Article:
MOMBASA, KENYA, Aug. 10 (Xinhua) -- Fears gripped Kenya's coastal city of Mombasa on Friday after a truck driver was quarantined at the local hospital.
The patient was admitted that the Aga Khan Hospital after he was suspected to be infected with the deadly Ebola virus, a few days after his arrival from Kampala, Uganda.
Health officials at the Aga Khan Hospital confirmed that the 61- year-old man was admitted at the hospital on Friday as soon as he arrived, and kept in isolation.
The Coast Provincial Director of Public Health and Sanitation Dr. Anisa Omar said the truck driver was admitted and found to be having symptoms of fatigue, sore throat and fever, prompting doctors to seclude him from the rest of the patients at the hospital.
"Yes, it's true the man was in Kampala from Aug. 3 and when he arrived at the facility, he was found to be having those symptoms, " Omar said.
He said the truck driver decided to seek medical attention at Agha Khan Hospital where he was isolated from the other patients after being examined by the doctors.
"He is a truck driver and he is likely to have contracted the virus while on his trip. But what I can tell Kenyans is that our doctors are on high alert and that is why they were able to detect the symptoms. We are yet to confirm if indeed it is Ebola," said Anisa.
The driver only identified as Moses, was examined by doctors at the hospital who said he had symptoms resembling those of Ebola, but tests would be conducted to confirm the same.
Omar said that the patient's blood samples have been taken to Kenya Medical Research Institute in Nairobi and the results will be relayed as soon as they are back.
She at the same time allayed fears of the virus spreading to other parts of the region urging that the situation was under control.
The incident comes a week after Public Health and Sanitation Minister Beth Mugo assured the country that the government was doing all it can to shield Kenyans from the deadly virus.
The development comes as a team of experts from the UN World Health Organization (WHO) and its partners are supporting the Ugandan government's response to an Ebola outbreak in the western part of the country.
The initial case was identified on July 28 in a family from the village of Nyanswiga, where 9 of the deaths were recorded. The total number has since risen to more than 15.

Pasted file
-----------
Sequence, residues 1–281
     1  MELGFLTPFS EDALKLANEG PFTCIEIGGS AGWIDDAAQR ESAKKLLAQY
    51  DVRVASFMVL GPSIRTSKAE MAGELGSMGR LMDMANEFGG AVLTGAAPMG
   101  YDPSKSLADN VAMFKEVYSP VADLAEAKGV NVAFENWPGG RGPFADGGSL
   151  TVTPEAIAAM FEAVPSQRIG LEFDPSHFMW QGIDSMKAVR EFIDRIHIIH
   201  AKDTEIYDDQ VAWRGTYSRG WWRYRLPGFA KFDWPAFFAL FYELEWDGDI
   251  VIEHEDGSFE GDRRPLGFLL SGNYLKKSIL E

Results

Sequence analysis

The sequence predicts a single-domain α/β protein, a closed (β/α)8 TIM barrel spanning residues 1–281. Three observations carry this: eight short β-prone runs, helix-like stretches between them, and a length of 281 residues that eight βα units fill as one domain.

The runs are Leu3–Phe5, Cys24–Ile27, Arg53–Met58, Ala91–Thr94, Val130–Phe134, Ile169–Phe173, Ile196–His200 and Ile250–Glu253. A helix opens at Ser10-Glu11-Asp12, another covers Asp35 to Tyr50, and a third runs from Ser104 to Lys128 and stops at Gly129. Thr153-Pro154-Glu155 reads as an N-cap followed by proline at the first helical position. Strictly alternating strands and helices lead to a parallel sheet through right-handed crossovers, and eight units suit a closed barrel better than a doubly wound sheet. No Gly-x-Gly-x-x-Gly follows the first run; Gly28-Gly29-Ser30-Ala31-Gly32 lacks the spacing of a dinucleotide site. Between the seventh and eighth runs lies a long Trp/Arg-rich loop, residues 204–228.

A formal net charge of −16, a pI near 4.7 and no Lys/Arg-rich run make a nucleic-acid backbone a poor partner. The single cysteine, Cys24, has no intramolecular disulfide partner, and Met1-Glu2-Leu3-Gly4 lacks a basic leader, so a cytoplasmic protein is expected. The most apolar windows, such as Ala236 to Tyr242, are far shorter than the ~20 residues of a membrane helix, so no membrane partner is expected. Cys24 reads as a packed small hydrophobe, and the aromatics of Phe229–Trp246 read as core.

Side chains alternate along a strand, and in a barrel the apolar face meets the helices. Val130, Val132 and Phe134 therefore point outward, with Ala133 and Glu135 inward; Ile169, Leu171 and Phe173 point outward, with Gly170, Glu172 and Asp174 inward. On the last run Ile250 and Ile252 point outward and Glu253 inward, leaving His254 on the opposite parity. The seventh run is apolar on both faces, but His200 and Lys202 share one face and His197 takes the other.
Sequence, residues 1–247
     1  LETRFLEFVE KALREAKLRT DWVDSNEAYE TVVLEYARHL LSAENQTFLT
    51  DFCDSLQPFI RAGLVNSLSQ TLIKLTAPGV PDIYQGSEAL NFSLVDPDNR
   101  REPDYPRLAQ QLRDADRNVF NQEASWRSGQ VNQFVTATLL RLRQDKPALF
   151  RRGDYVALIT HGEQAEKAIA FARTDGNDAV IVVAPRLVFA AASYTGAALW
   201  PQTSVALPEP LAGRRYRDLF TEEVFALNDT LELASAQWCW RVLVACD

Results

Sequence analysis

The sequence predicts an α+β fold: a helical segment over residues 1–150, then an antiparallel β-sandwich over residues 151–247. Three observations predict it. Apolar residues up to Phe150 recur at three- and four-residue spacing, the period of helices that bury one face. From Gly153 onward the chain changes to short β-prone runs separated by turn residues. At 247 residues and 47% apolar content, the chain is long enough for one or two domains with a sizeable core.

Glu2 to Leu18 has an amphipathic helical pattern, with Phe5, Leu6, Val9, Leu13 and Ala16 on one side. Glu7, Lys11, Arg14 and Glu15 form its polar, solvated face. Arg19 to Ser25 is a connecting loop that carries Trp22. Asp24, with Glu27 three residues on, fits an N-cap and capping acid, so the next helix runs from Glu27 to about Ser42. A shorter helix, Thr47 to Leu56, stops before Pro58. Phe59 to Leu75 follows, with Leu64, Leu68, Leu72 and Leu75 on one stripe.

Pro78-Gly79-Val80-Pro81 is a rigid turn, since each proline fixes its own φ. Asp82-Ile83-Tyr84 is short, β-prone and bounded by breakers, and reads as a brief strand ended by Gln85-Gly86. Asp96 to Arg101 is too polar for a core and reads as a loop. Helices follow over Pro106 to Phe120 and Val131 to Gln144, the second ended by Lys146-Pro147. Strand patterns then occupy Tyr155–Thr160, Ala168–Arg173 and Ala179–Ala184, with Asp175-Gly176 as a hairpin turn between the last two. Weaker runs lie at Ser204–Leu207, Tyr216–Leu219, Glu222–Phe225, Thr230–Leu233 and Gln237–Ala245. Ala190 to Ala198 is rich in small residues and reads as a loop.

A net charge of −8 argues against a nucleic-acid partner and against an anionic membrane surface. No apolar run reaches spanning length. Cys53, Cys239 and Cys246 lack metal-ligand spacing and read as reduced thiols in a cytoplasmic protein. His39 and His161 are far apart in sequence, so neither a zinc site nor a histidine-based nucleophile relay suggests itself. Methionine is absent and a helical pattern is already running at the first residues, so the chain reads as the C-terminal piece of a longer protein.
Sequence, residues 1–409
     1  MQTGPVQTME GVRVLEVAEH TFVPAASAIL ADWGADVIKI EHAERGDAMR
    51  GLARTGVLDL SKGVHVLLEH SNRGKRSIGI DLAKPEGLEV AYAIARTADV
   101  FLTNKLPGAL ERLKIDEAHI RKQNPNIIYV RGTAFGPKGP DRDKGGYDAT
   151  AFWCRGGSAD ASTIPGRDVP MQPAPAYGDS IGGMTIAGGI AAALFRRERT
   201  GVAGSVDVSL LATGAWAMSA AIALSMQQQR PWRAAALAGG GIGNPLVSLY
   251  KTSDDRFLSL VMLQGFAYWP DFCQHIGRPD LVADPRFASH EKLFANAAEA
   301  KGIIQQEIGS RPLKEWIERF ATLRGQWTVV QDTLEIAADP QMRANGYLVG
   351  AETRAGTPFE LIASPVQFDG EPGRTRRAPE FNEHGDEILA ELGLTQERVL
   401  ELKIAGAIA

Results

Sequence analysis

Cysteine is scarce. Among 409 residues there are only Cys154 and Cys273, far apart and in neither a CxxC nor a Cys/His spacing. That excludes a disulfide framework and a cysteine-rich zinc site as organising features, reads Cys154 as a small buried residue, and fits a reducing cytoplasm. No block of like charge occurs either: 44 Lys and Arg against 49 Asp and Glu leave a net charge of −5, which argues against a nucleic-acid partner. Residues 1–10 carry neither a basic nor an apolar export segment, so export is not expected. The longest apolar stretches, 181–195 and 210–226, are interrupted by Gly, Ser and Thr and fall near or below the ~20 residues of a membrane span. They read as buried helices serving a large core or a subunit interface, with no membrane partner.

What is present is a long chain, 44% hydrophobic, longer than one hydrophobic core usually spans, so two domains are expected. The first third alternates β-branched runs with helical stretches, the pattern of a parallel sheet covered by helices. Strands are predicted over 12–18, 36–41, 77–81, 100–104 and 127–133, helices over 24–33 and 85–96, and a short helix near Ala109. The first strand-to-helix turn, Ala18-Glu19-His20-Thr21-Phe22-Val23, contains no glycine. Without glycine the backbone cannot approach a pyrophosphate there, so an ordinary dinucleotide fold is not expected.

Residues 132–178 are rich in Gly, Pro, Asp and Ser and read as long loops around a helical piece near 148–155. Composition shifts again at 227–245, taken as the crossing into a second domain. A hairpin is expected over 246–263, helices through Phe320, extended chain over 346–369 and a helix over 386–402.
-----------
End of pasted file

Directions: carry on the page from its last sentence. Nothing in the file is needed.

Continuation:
The deceased include a clinical officer who attended to a patient, and her 4 month-old child. Nine of the 14 deaths have occurred in a single household, according to WHO.
Both cases were admitted to hospital with fever, vomiting, diarrhoea and abdominal pain. Uganda has previously experienced outbreaks of Ebola fever, but the most recent outbreak was declared over in early 2008.
Last week, fears of an Ebola outbreak gripped the residents of Siaya and Eldoret Counties in Western and northwest Kenya respectively had caused panic in the country after words went round that suspect cases had been detected.
Experts say there is an urgent need to increase public awareness on this deadly disease as well as to put in place as strong surveillance mechanism to allow for proper follow-up of all the cases.
The East African nation has been full alert following the outbreak of the deadly disease in neighboring Uganda last week. The government has since established a taskforce to respond to the Ebola outbreak in neighboring Uganda.
The virus is transmitted by direct contact with the blood, secretions, other bodily fluids or organs of infected persons or animals such as chimpanzees, gorillas, monkeys and antelopes, and it has an incubation period of two to 21 days.
Sufferers can experience fever, intense weakness, muscle pain, headaches and a sore throat, as well as vomiting, diarrhoea, rashes and impaired kidney and liver function. In the most severe cases, the virus leads to both external and internal bleeding.